Applications open for assistance to strengthen North Queensland homes

Published Tuesday, 02 August, 2022 at 06:00 AM

Minister for Energy, Renewables and Hydrogen and Minister for Public Works and Procurement
The Honourable Mick de Brenni

Applications have now opened for another phase of the Palaszczuk Government’s Household Resilience Program, an initiative that helps North Queenslanders protect their homes from extreme weather.

Minister for Energy and Public Works said the highly successful program provides financial assistance for low-income households in cyclone-prone regions to strengthen their homes.

“We can’t control Mother Nature, but we can control how resilient our homes are, and that is why the Palaszczuk Government is investing $20 million to help make Queensland homes more resilient to storms and cyclones,” Mr de Brenni said.

“In the first two phases, we helped 3,525 low-income households replace roofs and doors, reinforce windows and tie down external structures.

“Those people are now living in homes much more resistant to storm and cyclone damage, while many have also reaped a side benefit of reduced insurance premiums.

“These first two phases were oversubscribed, so I urge eligible homeowners to get in quickly to make sure they don’t miss out.”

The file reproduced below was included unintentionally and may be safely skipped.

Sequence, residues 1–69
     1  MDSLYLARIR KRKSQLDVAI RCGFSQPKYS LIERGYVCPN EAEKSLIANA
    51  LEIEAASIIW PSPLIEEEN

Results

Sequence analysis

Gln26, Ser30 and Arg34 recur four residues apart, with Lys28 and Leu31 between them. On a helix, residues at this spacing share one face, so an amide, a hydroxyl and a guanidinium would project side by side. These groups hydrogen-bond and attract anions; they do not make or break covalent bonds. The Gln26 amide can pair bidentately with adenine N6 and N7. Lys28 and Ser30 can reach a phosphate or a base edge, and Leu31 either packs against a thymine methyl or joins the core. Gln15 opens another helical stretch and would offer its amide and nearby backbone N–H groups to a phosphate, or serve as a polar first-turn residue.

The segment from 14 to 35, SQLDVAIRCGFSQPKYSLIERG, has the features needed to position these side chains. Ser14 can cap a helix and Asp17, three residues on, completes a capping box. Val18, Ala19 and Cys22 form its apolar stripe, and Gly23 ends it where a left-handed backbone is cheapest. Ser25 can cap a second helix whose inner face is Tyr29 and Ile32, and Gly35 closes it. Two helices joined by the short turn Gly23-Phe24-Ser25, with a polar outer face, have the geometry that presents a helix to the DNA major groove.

The program funds 75 per cent of eligible improvements valued up to $15,000 total project value, with the homeowner paying the remaining 25 per cent.

“What this means is we’ll cover up to a maximum of $11,250, with the balance paid by the applicant,” said Mr de Brenni.

To be eligible, homeowners must meet an income test and live in a home built before 1984 within 50kms of the coastline, from Bundaberg north to Cape York and west to the Northern Territory border.

The program also boosted local businesses, with the first two phases injecting almost $61 million into the northern Queensland economy. Local contractors were used by 94 per cent of grant recipients.

“The continuation of the Household Resilience Program is great news for small businesses, contractors and tradies right along the northern Queensland coastline,” Mr de Brenni said.

“We had reports from the first two phases of funding that some businesses had gained the equivalent of a year’s work in some regions.

“In particular, regional roofing companies received a huge boost, as roofing works were by far the most popular option for people seeking to better protect their homes.

“This meant new jobs were created for tradies and labourers, as well as opportunities right through the product and support supply chains.

“In the smaller regional centres, the flow-on effect of this money was multiplied and spread right through the communities.”

Mr de Brenni said most insurance companies were happy to reassess premiums once resilience works were completed.

“In Phase 2 we saw an average reduction of 9 per cent in insurance premiums for homeowners who took part in the program,” he said.

“For low-income earners, that’s an important saving and shows the value of this program goes beyond just having a nicer, safer home.”

Eligibility criteria and funding information for the Household Resilience Program are available at